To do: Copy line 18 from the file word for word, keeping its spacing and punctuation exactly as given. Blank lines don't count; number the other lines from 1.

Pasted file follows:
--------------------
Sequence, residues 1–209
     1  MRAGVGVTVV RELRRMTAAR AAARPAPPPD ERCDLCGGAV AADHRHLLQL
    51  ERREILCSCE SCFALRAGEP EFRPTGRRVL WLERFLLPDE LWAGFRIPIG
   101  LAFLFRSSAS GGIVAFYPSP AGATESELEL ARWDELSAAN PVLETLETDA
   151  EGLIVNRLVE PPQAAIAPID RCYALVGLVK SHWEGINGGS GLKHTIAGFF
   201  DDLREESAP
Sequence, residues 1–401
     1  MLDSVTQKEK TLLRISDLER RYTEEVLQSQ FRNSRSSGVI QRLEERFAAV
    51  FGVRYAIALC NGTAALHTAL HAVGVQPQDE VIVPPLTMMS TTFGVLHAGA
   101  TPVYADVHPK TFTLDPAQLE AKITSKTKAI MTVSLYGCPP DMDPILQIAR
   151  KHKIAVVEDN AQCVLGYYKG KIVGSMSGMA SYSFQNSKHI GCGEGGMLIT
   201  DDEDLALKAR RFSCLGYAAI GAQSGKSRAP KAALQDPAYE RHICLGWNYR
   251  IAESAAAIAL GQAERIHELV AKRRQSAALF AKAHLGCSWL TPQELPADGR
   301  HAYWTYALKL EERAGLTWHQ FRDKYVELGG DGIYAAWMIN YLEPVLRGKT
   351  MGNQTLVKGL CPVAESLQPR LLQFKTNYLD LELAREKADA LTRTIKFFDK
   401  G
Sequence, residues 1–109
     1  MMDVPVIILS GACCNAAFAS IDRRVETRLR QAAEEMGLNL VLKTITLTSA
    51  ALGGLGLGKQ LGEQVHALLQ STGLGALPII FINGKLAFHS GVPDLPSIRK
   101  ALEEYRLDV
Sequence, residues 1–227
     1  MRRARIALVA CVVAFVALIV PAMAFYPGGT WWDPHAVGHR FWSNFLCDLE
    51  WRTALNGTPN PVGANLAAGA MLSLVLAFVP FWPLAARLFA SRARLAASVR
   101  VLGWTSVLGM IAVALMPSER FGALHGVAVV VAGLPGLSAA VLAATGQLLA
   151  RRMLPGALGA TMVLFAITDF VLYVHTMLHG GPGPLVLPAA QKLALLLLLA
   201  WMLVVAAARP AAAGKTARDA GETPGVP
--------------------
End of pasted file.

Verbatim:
     1  MMDVPVIILS GACCNAAFAS IDRRVETRLR QAAEEMGLNL VLKTITLTSA